This paper proposes a novel neural machine reading model for open-domain question answering at scale. Existing machine comprehension models typically assume that a short piece of relevant text containing answers is already identified and given to the models, from which the models are designed to extract answers. This assumption, however, is not realistic for building a large-scale open-domain question answering system which requires both deep text understanding and identifying relevant text from corpus simultaneously. In this paper, we introduce Neural Comprehensive Ranker (NCR) that integrates both passage ranking and answer extraction in one single framework. A Q&A system based on this framework allows users to issue an open-domain question without needing to provide a piece of text that must contain the answer. Experiments show that the unified NCR model is able to outperform the states-of-the-art in both retrieval of relevant text and answer extraction.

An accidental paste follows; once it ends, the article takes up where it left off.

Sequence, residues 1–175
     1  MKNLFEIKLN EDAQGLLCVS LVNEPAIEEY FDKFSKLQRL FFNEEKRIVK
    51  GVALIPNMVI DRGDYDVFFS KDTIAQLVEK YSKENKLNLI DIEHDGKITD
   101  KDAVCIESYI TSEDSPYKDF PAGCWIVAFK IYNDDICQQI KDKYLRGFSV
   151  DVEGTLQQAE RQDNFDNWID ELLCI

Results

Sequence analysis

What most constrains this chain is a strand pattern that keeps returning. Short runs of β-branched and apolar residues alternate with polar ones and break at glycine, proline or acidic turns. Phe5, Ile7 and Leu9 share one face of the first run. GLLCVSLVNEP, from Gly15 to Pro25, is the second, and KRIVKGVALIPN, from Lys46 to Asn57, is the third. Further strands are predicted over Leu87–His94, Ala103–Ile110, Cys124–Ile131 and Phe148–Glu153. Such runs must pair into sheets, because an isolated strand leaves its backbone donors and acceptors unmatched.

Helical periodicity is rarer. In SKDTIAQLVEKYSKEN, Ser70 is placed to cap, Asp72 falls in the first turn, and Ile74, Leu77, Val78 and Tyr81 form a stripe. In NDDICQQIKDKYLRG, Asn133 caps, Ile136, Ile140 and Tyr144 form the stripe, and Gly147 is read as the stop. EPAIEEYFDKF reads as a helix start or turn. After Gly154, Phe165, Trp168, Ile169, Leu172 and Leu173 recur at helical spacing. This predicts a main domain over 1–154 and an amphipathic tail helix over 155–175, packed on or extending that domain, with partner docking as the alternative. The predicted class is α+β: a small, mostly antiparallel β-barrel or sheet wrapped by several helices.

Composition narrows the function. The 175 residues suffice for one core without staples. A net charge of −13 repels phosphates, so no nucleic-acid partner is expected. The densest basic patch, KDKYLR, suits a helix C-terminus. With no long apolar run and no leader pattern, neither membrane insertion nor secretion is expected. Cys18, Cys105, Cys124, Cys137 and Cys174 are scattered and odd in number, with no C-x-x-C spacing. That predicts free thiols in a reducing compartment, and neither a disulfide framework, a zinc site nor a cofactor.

This paper elaborates on the design of a machine translation evaluation method that aims to determine to what degree the meaning of an original text is preserved in translation, without looking into the grammatical correctness of its constituent sentences. The basic idea is to have a human evaluator take the sentences of the translated text and, for each of these sentences, determine the semantic relationship that exists between it and the sentence immediately preceding it. In order to minimise evaluator dependence, relations between sentences are expressed in terms of the conjuncts that can connect them, rather than through explicit categories. For an n-sentence text this results in a list of n-1 sentence-to-sentence relationships, which we call the text's connectivity profile. This can then be compared to the connectivity profile of the original text, and the degree of correspondence between the two would be a measure for the quality of the translation. A set of "essential" conjuncts was extracted for English and Japanese, and a computer interface was designed to support the task of inserting the most fitting conjuncts between sentence pairs. With these in place, several sets of experiments were performed.